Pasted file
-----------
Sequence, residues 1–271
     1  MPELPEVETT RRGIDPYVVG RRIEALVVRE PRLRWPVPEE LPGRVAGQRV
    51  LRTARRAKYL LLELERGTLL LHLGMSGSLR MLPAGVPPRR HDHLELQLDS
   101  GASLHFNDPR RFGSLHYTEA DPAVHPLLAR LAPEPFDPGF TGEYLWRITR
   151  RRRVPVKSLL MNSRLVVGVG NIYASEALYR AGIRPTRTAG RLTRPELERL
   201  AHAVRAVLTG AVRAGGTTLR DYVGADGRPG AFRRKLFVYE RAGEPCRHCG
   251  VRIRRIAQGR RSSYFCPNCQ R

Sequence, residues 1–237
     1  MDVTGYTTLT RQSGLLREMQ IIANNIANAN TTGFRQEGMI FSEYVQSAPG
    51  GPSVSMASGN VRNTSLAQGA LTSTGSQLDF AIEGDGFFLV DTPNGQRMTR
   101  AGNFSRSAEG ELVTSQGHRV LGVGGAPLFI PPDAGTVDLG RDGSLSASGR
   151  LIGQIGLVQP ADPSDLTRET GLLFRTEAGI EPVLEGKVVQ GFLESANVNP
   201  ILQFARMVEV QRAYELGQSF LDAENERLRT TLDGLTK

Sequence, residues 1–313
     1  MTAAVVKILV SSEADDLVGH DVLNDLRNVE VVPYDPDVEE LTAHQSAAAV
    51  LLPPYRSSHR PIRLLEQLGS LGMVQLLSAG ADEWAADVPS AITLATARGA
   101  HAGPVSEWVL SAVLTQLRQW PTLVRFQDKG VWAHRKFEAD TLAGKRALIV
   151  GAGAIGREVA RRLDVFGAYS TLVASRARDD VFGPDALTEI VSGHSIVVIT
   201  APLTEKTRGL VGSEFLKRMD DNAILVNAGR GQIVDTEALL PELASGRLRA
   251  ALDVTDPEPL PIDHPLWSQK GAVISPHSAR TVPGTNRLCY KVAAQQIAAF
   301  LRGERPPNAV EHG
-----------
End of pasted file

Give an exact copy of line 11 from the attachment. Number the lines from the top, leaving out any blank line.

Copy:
   101  AGNFSRSAEG ELVTSQGHRV LGVGGAPLFI PPDAGTVDLG RDGSLSASGR